Elishia Featherston, a nurse practitioner in Euless, opened her own pediatric clinic in 2017. 

She wanted to make a space that would serve both the body and the mind, so with the help of a second nurse practitioner, she now provides primary and mental health care to roughly 7,000 patients across North Texas. Most are children, and Featherston worries if she’ll be able to continue to offer them care. 

As a nurse practitioner in Texas, Featherston legally cannot practice independently. The state requires a physician to oversee her patient care through, at minimum, a monthly check-in. 

But the requirement, Featherston said, feels more like a pricey permission slip than supervision, leaving her beholden to the physician she pays to oversee her. If the physician dies, retires, decides to raise her rates or no longer supervise, Featherston and her patients remain in limbo until she can find a replacement. 

Throughout the 88th Legislature, she and other members of the professional organization Texas Nurse Practitioners advocated for bills that would allow independent practice. Twenty-seven states already do so, but by the session’s end on May 29, none of the bills had passed. 

The issue cuts across partisan lines but is no less divisive. On the other side, the Texas Medical Association advocated against those same bills. Dr. Tilden Childs, a physician in Fort Worth who chairs the association’s council for legislation, said the supervision requirements should remain in place to protect patient care — and, if they’re serving merely as a permission slip, be made more meaningful. 

In interviews with the Fort Worth Report, providers on both sides of the argument emphasize their respect for each other and their desire for patient access to quality care.

The disagreement lies merely in who should oversee it. 

Elishia Featherston is a nurse practitioner who owns her own pediatric clinic in Euless. (Alexis Allison | Fort Worth Report)

‘‘Supervision’ implies someone is looking over your shoulder’

The nurse practitioner role grew from supply and demand. In the late 1950s and early ’60s, more physicians pursued specialties beyond primary care. Subsequently, the creation of Medicare and Medicaid gave more people access to health care.

Increasing need amid a diminishing pool of providers spurred nurses to fill the gap. In 1965, a nurse and a physician collaborated to create the country’s first training program for nurse practitioners. Health care professionals, including nurses, pushed back, worried that nurse practitioners were not qualified to provide care without physician supervision and that the new title would confuse patients. 

In the ensuing decades, nurse practitioners sought legitimacy by standardizing their licenses and securing payment for their services. Today, nurse practitioners can assess and diagnose patients, order and interpret diagnostic tests, and prescribe medicine. In most states, they can do so without the supervision of a physician.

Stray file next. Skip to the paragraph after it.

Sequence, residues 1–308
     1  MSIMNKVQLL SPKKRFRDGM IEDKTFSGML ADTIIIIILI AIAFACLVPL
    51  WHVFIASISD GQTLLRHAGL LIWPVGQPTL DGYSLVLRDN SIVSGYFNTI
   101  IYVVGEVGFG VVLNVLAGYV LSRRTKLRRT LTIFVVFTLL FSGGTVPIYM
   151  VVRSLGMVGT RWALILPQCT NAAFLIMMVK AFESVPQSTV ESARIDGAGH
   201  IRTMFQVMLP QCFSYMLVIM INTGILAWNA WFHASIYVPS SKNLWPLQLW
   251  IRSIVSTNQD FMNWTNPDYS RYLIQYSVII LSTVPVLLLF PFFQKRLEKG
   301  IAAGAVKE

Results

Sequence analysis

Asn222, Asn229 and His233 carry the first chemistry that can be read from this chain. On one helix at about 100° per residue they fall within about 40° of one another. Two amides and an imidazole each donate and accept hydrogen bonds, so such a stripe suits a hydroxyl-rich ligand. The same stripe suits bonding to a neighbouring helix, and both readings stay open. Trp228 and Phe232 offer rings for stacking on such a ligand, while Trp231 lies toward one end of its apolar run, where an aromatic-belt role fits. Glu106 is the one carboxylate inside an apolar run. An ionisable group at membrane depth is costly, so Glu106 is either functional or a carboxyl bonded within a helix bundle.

Featherston, who has a doctor of nursing practice degree, decided to open her own clinic in 2017, after years of working in hospital systems across North Texas. 

She wanted the freedom to make her own decisions about business and patient care, and in some ways, she has it. When the COVID-19 pandemic began, for example, she opted to keep her office open as others shuttered doors or services.

 “We were there every day,” she said. 

Her freedom, however, comes with a price tag. Texas law requires nurse practitioners to enter into a prescriptive authority agreement with a supervising physician, a contract that outlines a general plan for patient care, including which drugs the nurse practitioner may or may not prescribe. 

The law requires physicians to review patient charts and meet monthly with nurse practitioners to discuss patient care. However, the law doesn’t specify how many charts, nor does it require supervising physicians to visit the practice.

Who’s liable under a prescriptive authority agreement? 

According to Texas law, “unless the physician has reason to believe the (nurse practitioner) lacked the competency to perform the act,” the supervising physician is not liable for a nurse practitioner’s decision making solely because the physician entered into an agreement.

“Supervision implies somebody’s looking over your shoulder watching exactly what you’re doing. And that’s not what happens in our state with this prescriptive authority agreement,” said Cindy Weston, a nurse practitioner who serves as president of the professional group Texas Nurse Practitioners. “It’s the signature of a piece of paper outlining elements that are required in law — and then it’s an exchange of money.”

Weston, who’s recently been hired as the dean of The University of North Texas Health Science Center’s new College of Nursing, said she’s spoken with nurse practitioners across Texas who pay their supervising physicians thousands of dollars a month for that signature. 

Featherston declined to share how much she pays her supervising physician, but said she could hire an additional medical assistant for the same amount.

The money doesn’t buy her peace of mind, however. Her previous supervising physician, with whom she said she worked well, sent her an email out of the blue: Featherston had three months to find a replacement or triple her supervisor’s pay. 

Featherston chose the former, but securing a new physician has its own stressors: The physician shortage, as well as restrictions within health systems, make supervising physicians few and far between. 

“We’re left, as a business owner, with a business we can’t operate,” she said. “And as a (provider), we cannot care for those patients anymore.” 

‘The highest level of team-based care’

Childs, the physician with the Texas Medical Association, also said he worries about patient wellbeing. 

He comes from a family of health care providers, including a cousin who is a nurse practitioner, and believes a team-based approach with physicians at the helm works best. 

His experience is professional and personal. For years, he’s advocated against independent practice for nurse practitioners through his role with the medical association. 

In April, he testified against one of the bills that would grant independent practice authority to nurse practitioners. “Physicians are united on the belief that, no matter where you live in Texas, you deserve the highest level of team-based care, led by a physician,” he testified. The bill was left pending in committee.